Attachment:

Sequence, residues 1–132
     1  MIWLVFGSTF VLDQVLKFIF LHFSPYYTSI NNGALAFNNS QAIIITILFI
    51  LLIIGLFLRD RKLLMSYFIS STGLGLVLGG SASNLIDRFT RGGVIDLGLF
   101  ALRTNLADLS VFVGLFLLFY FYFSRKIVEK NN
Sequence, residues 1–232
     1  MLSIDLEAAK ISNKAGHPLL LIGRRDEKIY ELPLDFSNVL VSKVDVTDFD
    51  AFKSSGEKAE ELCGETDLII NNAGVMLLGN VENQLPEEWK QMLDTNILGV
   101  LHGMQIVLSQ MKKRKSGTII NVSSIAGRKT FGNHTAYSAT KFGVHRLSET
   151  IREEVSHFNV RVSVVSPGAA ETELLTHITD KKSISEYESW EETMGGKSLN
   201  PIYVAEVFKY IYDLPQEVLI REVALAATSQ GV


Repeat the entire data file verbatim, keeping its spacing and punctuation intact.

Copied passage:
Sequence, residues 1–132
     1  MIWLVFGSTF VLDQVLKFIF LHFSPYYTSI NNGALAFNNS QAIIITILFI
    51  LLIIGLFLRD RKLLMSYFIS STGLGLVLGG SASNLIDRFT RGGVIDLGLF
   101  ALRTNLADLS VFVGLFLLFY FYFSRKIVEK NN
Sequence, residues 1–232
     1  MLSIDLEAAK ISNKAGHPLL LIGRRDEKIY ELPLDFSNVL VSKVDVTDFD
    51  AFKSSGEKAE ELCGETDLII NNAGVMLLGN VENQLPEEWK QMLDTNILGV
   101  LHGMQIVLSQ MKKRKSGTII NVSSIAGRKT FGNHTAYSAT KFGVHRLSET
   151  IREEVSHFNV RVSVVSPGAA ETELLTHITD KKSISEYESW EETMGGKSLN
   201  PIYVAEVFKY IYDLPQEVLI REVALAATSQ GV